GA has a clear structure, and everybody is welcome to their meetings. However, in Step 1, you have to admit that you have a problem, even more: You have to admit that you’re powerless to the addiction.

  1. Admit you have a problem
  2. Admit you’re powerless
  3. Do it in front of strangers

For many, this is a HUGE DEAL. Naturally, we agree, it’s better if the person admits to their problem, but, for us on QG, it’s not a deal-breaker. On QG, it’s more important that we can start the process of helping somebody than he/she admits they have a gambling problem. We’d like to be an alternative to gamblers anonymous that accept everybody.

On QG, we want to make the threshold to get started as small as possible. We aim to create a platform that is easy to access, fun to use, and helps the users deal with the underlying causes of their addiction. We want to inspire our users, help them grow in an environment built on helping yourself by helping other people.

For us, admitting that you’re powerless makes the person a victim. We want to empower, inspire and make the person believe in their own ability. We do that by encouraging and challenging the user. We intend to build up his/her self-confidence and self-esteem gradually. 

Finally, we believe the physical meetings GA arranges are great. The challenge is to get people to come to the first, second, and third meetings. Physical meetings can be intimidating, and though the person might struggle with gambling, he/she might not be ready to go to a meeting.

QuitGamble.com is online-based; the person can log in, chat, share experiences and work on various programs. QG is open 24/7, and the user can choose to be completely anonymous. Again, we try to make the process of getting started as short and stress-free as possible.

Why Gambler’s anonymous might not work for some

GA has a well-tested 12-steps process. For some people, this process works splendidly. WOW, we even smiled when we wrote that. GA can be excellent! Many people struggle in GA, though. Here are some of the reasons we believe people struggle:

  1. People easily get stuck on one step
  2. They are focusing on people staying away from gambling, not the underlying cause.
  3. Relapses push you back to day one.

In GA’s 12-steps, you take one step at a time. To reach the next step, you need to do/admit/believe certain things. Sometimes, that’s difficult, and the person gets stuck. On QG, we don’t think there is a linear process to become gambling-free. We believe there’ll be bumps on the way. Sometimes we struggle, need a little time, perhaps need a new perspective on things. To get ahead, the user can either do something else or discuss and share their experience in the forum or live chat.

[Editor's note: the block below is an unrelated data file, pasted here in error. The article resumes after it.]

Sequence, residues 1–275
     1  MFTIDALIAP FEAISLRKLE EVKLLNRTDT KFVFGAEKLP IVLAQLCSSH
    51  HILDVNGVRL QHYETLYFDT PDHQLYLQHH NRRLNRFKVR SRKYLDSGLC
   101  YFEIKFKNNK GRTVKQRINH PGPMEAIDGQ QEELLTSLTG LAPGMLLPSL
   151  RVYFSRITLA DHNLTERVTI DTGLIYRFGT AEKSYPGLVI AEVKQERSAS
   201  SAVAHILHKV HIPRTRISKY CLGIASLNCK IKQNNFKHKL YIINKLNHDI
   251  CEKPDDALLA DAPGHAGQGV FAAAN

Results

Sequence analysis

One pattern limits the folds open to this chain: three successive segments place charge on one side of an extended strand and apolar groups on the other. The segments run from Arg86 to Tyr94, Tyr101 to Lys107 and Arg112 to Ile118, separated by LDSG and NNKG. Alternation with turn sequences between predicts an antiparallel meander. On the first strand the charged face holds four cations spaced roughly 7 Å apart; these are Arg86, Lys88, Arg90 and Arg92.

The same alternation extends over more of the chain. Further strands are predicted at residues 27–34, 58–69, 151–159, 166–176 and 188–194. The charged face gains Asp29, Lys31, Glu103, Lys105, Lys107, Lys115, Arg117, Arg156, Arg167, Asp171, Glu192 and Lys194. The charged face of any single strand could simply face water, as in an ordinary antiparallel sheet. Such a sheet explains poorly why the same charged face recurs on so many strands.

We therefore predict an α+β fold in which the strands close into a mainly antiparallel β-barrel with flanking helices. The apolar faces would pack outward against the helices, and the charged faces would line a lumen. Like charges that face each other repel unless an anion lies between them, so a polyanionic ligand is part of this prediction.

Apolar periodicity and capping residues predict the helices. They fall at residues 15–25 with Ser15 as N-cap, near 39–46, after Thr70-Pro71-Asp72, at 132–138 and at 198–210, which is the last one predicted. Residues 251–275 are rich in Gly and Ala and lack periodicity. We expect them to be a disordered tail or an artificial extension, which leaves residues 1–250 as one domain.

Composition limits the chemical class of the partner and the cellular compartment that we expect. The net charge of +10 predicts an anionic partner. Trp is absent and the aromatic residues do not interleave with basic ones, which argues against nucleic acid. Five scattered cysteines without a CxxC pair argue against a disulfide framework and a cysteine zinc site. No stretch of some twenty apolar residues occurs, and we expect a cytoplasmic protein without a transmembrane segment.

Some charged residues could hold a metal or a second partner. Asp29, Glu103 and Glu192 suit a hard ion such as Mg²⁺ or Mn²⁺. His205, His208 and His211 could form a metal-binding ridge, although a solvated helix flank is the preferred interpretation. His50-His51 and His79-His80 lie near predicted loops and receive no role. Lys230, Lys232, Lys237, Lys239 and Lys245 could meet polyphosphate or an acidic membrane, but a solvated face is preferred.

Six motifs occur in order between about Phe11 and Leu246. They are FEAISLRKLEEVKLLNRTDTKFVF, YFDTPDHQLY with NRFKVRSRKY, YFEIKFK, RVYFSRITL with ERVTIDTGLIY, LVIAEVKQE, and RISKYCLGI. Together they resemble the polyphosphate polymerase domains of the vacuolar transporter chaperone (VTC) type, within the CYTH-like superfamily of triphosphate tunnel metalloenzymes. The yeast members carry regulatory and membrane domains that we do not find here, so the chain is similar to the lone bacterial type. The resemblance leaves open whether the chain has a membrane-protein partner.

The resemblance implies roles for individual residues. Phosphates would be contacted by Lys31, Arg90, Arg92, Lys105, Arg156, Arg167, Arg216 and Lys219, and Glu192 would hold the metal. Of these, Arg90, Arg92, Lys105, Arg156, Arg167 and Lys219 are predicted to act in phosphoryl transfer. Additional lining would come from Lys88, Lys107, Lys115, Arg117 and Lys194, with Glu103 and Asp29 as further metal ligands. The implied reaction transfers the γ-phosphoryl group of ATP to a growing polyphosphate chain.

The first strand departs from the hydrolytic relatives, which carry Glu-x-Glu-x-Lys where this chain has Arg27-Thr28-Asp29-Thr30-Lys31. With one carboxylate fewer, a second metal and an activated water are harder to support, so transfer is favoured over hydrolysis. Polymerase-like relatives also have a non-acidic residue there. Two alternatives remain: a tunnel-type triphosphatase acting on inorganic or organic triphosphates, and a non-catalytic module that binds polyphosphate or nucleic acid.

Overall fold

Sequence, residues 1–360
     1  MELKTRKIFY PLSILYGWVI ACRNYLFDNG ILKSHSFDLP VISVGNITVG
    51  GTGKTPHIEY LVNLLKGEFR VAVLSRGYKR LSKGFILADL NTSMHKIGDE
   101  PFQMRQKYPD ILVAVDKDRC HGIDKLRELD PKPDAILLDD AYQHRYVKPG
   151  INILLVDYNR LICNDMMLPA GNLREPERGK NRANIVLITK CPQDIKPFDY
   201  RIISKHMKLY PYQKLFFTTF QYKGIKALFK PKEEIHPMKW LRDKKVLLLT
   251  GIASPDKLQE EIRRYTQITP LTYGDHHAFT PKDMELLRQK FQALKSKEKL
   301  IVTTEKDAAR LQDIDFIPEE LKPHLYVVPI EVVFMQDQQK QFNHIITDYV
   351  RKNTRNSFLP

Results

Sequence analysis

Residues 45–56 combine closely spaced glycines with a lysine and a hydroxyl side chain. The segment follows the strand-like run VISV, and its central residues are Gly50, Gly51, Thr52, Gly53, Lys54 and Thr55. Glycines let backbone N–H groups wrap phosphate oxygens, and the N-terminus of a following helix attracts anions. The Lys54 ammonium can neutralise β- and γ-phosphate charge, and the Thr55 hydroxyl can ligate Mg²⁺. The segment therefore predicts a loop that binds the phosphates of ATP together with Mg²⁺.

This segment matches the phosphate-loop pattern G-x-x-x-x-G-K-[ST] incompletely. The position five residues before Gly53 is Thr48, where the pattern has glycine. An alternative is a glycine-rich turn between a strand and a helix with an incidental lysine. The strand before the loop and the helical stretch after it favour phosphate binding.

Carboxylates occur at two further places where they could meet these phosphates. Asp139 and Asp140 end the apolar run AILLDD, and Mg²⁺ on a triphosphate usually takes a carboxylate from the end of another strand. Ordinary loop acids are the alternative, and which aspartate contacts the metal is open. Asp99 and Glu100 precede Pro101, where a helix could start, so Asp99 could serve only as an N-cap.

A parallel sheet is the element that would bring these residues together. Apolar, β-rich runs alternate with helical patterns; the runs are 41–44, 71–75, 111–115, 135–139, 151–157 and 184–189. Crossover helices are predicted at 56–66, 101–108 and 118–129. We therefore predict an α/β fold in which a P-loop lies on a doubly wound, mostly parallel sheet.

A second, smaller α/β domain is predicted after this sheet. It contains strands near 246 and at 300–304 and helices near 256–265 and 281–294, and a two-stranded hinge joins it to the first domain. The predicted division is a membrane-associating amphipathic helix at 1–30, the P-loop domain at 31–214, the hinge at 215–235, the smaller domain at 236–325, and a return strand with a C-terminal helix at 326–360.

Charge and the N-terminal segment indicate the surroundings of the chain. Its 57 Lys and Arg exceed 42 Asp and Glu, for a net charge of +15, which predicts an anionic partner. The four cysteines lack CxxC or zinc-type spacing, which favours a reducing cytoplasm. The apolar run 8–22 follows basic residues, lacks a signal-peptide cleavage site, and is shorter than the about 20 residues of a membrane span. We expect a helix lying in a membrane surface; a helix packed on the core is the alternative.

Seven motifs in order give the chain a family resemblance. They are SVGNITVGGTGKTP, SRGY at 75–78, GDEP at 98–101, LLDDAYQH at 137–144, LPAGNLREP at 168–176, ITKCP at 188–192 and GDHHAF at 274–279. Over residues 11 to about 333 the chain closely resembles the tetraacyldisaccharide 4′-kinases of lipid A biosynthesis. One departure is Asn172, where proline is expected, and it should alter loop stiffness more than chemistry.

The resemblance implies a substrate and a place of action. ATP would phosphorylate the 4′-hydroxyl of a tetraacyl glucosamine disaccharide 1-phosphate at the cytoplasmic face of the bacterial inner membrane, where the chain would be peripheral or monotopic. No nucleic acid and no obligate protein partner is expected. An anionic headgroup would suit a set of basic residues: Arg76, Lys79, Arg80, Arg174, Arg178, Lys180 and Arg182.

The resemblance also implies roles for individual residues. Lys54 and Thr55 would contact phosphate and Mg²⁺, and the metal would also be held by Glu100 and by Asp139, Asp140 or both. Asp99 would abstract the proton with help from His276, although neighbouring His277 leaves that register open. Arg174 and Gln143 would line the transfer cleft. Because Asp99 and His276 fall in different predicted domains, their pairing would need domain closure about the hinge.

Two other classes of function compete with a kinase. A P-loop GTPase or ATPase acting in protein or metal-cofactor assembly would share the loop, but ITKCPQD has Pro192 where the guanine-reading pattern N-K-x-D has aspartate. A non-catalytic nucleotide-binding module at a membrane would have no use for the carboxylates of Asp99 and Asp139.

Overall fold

The main difference between QG and GA is what we aim to achieve. In GA, the goal is to create a sober addict. The goal is to help the person not gamble again, but the person will remain a gambling addict for the rest of their life.

When the process is focused on helping people stay away from gambling, it’s easy to forget what caused the addiction in the first place. On QG, we believe pain is the cause of addiction. Gambling is just a way to escape pain, not the cause of the addiction. It means that if the person stays away from gambling and doesn’t deal with what causes them pain, the risk he/she gets addicted to something else is undoubtedly high.

On QG, we help people fight pain and to help them ease the pain. The goal is to create a happy and free person. We believe a happy person experiences less pain and is, therefore, more resilient to become addicted to anything.

In GA, they count the days since your last bet. It can be effective and get people motivated. But, since the focus is on staying away from gambling if the person relapses, he/she has to admit it to the group and start over. For us, it feels almost like the relapse is punished.

On QG, we see relapse as part of the journey. All new users are recommended to create a change plan. In our video course, they learn about updating the change plan as they go along. A relapse then becomes a way to learn and to make the change plan stronger. Besides, our Nonviolent communication program helps the person deal with relapse and guilt and shame, which often come with it.

Conclusion

QuitGamble.com and Gamblers Anonymous have different approaches. In this article, we’ve shown how QG can be an alternative to Gamblers Anonymous. GA has a rigorous 12 step process with a big organization and a lot of senior members. QG is online-based and approaches the entire problem of gambling addiction differently from GA. At QG, fighting pain is central, and in GA fighting gambling is the primary goal.

On QG, we’re not competing with GA. We aim to become an alternative to GA with an online platform that is easy to access and stress-free getting started with. For GA members, QG might also become a valuable resource for the journey to become gambling-free.

No matter what you choose, we wish you good luck!

Introduction to QuitGamble.com